ABINGDON, Va. — Teachers, health care workers and other designees lined up inside and outside the Southwest Virginia Higher Education Center on Monday to receive their first of two installments of the Moderna COVID-19 vaccine.
More than 1,000 doses were distributed Monday, as the Mount Rogers Health District vaccinated teachers and school employees from Bristol and Washington County as well as others designated in the opening tiers of the state’s vaccination protocols.
“This is our first phase 1b POD [point of dispensing clinic] which is the remainder of law enforcement, fire, police, Hazmat, people who work in correctional facilities or homeless shelters and K-12 education staff for Bristol and Washington County,” according to Breanne Forbes Hubbard, Mount Rogers Health District population health manager.
“Our goal is to get through all of our first round of our education staff in the rest of our school systems this week. We will continue to have phase 1b PODs over the coming weeks to work through those priority groups in the order they were announced by the governor,” she said.
Each of the remaining clinics will disperse between 400 and 600 doses daily, and all are scheduled by appointment.
Sara Kate Tallman, music teacher at Van Pelt and Highland View elementary schools, was among those vaccinated.
“I have a son and a family I want to keep safe. My students at school are very important to me,” Tallman said. “I have a lot of students who have needs and are disadvantaged.”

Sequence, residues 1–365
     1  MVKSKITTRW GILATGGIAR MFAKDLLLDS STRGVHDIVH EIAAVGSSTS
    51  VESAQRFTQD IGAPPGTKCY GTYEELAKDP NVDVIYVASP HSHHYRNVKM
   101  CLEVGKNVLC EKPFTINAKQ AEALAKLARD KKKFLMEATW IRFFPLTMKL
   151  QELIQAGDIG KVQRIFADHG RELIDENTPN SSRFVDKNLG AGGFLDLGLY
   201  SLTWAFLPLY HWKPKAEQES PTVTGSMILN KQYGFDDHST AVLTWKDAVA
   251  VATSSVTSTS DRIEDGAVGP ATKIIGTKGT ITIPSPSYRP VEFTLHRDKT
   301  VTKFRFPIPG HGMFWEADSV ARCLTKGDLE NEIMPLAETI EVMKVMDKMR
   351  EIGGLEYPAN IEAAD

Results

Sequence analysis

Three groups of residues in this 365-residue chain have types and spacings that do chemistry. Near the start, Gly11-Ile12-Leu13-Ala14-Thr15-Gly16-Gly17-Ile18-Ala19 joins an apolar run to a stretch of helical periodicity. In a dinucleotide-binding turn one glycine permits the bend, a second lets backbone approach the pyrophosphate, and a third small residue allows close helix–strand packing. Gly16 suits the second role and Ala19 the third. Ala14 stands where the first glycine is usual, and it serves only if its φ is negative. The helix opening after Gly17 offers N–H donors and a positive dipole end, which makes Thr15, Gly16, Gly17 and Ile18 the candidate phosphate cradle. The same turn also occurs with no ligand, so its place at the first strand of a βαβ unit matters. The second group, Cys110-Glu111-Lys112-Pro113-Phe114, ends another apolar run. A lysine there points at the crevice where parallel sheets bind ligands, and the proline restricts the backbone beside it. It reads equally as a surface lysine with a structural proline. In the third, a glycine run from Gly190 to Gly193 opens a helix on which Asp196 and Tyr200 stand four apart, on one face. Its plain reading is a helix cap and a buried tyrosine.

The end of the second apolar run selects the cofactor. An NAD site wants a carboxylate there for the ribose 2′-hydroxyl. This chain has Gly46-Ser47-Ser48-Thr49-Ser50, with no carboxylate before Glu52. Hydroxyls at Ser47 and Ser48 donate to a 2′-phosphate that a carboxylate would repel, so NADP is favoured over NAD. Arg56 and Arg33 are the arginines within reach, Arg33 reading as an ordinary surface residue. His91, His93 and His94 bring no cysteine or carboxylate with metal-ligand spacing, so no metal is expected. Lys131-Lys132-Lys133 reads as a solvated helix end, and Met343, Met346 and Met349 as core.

Tallman said she has some concerns about the vaccine, which was pressed through clinical trials during the second half of last year and came onto the market in December.
“I worry, like anyone would, but I have faith in the health professionals. And I have to trust that they know what they’re doing, just like I’m doing in my job,” Tallman said.
Scott Jones, attendance coordinator at Virginia Middle, was more positive about taking the vaccine.
“I feel this [vaccination] may be the only way to slow this thing down. Once given the chance, I jumped on it,” Jones said. “That and plain common sense; doing what you’re supposed to do. Just common courtesy toward fellow human beings.”
Since the virus has prompted widespread online learning, it has changed the way schools operate.
“With us being virtual, there is very little attendance issues because of remote learning,” Jones said. “We try to make some contacts with the families to see how they’re doing. It’s about more than education at this point; it’s about well-being, so we check on the kids as best we can.”
Carlos Lee, assistant girls’ basketball coach and library media specialist at Van Pelt, said he also had some reservations.
“Always in the back of your mind you have a few thoughts about what could happen where some people have had some reactions from it, but you hope it doesn’t happen to you,” Lee said. “I think it’s important that you get it, now that they have it out there. I’ve been waiting to get it.”